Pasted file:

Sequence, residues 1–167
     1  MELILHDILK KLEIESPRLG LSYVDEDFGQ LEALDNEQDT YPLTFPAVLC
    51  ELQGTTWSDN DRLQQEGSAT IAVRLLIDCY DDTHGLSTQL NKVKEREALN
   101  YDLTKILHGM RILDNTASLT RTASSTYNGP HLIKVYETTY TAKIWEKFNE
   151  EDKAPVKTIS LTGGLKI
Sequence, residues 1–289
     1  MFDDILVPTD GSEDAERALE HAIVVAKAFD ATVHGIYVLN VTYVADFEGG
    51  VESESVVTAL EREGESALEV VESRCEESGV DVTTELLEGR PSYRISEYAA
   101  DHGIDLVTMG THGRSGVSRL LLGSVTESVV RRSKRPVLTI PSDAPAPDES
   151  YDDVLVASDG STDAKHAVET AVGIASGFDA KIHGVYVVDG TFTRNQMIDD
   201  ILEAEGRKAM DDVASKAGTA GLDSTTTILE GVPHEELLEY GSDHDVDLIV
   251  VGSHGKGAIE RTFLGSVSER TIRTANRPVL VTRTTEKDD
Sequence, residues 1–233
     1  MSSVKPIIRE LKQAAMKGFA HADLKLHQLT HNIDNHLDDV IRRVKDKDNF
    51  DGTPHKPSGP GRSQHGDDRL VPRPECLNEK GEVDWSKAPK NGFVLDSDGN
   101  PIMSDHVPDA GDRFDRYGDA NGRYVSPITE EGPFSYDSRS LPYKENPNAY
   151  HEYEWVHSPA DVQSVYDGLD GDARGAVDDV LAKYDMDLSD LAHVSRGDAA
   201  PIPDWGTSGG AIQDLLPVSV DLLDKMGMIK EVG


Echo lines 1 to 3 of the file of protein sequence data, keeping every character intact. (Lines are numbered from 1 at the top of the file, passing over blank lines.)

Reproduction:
Sequence, residues 1–167
     1  MELILHDILK KLEIESPRLG LSYVDEDFGQ LEALDNEQDT YPLTFPAVLC
    51  ELQGTTWSDN DRLQQEGSAT IAVRLLIDCY DDTHGLSTQL NKVKEREALN